Well, there’s a lot of history here, both nationally and in California. First, the rapid expansion of shale gas drilling and harvesting has taken the price of Henry Hub natural gas, which has historically set the price of electricity, from $19.34 per MMBTU in 2005 to $1.77 in 2016 and around $2.45 currently. Conventional wisdom, now embraced even by many participating industry CEOs is that the IPP model has been handicapped, despite the creation of “YieldCos,” spinoff companies that securitize generation assets and receivables to separate—and insulate—them from other parts of the power business. Yet we still depend largely in FERC-regulated markets on merchant generators.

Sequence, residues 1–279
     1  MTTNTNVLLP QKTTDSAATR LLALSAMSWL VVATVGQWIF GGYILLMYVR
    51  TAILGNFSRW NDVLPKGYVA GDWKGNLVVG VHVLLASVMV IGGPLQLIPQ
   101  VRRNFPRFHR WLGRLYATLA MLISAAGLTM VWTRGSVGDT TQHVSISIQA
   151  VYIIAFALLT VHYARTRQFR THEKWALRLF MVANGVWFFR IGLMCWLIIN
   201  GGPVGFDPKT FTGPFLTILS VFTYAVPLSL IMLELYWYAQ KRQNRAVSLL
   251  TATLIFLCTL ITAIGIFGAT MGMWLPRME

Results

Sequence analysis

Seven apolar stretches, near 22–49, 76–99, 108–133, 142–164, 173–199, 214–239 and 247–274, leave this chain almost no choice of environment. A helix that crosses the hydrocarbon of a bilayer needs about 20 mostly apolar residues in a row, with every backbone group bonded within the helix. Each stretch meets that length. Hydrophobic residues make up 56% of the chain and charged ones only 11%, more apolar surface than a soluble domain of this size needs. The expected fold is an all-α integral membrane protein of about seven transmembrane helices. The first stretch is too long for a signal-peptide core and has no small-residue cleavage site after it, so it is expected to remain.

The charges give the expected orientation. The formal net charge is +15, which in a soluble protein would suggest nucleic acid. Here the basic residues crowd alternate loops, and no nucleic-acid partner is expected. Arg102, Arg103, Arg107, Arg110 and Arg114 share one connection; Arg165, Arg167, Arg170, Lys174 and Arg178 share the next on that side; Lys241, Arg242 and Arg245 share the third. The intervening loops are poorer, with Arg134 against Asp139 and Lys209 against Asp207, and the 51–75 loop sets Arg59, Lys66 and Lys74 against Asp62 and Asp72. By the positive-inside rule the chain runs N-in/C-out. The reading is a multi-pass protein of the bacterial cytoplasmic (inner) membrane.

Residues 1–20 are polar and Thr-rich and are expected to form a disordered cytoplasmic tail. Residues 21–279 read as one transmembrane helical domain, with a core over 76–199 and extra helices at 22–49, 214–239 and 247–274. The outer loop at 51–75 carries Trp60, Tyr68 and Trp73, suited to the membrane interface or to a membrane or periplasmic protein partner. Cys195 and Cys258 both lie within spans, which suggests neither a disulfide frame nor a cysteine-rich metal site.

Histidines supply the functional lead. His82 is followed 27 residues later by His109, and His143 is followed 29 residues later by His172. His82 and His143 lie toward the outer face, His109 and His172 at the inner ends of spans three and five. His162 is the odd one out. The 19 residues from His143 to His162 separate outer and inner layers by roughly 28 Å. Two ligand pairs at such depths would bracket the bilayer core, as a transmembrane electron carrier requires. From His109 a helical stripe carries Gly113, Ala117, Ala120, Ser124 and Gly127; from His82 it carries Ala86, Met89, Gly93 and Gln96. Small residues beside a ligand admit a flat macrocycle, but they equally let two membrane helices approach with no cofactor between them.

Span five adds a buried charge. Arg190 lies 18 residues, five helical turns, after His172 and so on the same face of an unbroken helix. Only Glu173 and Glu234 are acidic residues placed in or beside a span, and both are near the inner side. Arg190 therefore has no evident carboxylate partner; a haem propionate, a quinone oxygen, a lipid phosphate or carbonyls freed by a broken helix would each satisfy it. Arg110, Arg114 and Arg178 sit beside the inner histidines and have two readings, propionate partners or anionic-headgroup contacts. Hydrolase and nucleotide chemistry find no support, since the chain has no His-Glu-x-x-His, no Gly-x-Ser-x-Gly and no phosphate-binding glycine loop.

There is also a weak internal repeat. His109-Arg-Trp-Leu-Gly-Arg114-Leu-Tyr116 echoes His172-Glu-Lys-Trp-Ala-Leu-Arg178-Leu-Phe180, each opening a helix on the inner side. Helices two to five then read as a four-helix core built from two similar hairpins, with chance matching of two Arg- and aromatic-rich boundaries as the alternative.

And in California, the political climate and environmental activism has also expanded renewable generation significantly, while not sufficiently backing up utility-scale wind and solar with fast-ramping gas generation, as it’s been done in other states. The closing of the San Onofre nuclear plant, several plants that use once-through cooling, and the denial by the California Energy Commission to site, build and operate new peaking plants contributed to the insufficient power supply on the weekend of August 14 and 15.